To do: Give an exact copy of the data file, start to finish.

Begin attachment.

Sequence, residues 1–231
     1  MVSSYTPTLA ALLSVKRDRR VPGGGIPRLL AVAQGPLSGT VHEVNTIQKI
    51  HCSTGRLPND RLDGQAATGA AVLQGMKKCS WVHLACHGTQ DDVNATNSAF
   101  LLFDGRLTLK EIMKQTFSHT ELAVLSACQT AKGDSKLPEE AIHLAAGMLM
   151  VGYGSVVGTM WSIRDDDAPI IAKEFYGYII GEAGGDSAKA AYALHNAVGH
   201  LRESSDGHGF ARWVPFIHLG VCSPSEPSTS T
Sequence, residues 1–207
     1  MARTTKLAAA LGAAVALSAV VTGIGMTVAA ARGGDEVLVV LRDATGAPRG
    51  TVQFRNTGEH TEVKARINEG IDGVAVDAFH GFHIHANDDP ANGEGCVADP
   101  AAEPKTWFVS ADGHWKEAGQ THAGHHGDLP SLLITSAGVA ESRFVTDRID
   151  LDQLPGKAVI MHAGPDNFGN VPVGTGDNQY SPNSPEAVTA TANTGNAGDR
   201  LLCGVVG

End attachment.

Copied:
Sequence, residues 1–231
     1  MVSSYTPTLA ALLSVKRDRR VPGGGIPRLL AVAQGPLSGT VHEVNTIQKI
    51  HCSTGRLPND RLDGQAATGA AVLQGMKKCS WVHLACHGTQ DDVNATNSAF
   101  LLFDGRLTLK EIMKQTFSHT ELAVLSACQT AKGDSKLPEE AIHLAAGMLM
   151  VGYGSVVGTM WSIRDDDAPI IAKEFYGYII GEAGGDSAKA AYALHNAVGH
   201  LRESSDGHGF ARWVPFIHLG VCSPSEPSTS T
Sequence, residues 1–207
     1  MARTTKLAAA LGAAVALSAV VTGIGMTVAA ARGGDEVLVV LRDATGAPRG
    51  TVQFRNTGEH TEVKARINEG IDGVAVDAFH GFHIHANDDP ANGEGCVADP
   101  AAEPKTWFVS ADGHWKEAGQ THAGHHGDLP SLLITSAGVA ESRFVTDRID
   151  LDQLPGKAVI MHAGPDNFGN VPVGTGDNQY SPNSPEAVTA TANTGNAGDR
   201  LLCGVVG